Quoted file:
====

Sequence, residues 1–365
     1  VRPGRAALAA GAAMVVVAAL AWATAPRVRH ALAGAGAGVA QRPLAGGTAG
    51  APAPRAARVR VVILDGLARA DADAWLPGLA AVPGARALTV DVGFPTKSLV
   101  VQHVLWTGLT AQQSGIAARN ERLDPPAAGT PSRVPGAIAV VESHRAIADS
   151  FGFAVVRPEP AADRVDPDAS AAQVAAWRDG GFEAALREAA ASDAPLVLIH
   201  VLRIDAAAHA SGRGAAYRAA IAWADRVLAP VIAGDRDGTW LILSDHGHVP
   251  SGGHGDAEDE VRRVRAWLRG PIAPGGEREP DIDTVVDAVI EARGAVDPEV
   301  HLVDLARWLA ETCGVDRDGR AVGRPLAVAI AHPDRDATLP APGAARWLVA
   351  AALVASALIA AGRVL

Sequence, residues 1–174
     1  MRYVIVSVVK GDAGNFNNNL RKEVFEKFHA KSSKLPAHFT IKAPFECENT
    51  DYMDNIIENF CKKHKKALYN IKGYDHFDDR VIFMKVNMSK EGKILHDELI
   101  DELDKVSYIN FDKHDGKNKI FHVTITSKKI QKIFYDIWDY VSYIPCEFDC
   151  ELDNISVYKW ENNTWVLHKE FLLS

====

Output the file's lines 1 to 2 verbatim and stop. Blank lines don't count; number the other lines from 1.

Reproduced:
Sequence, residues 1–365
     1  VRPGRAALAA GAAMVVVAAL AWATAPRVRH ALAGAGAGVA QRPLAGGTAG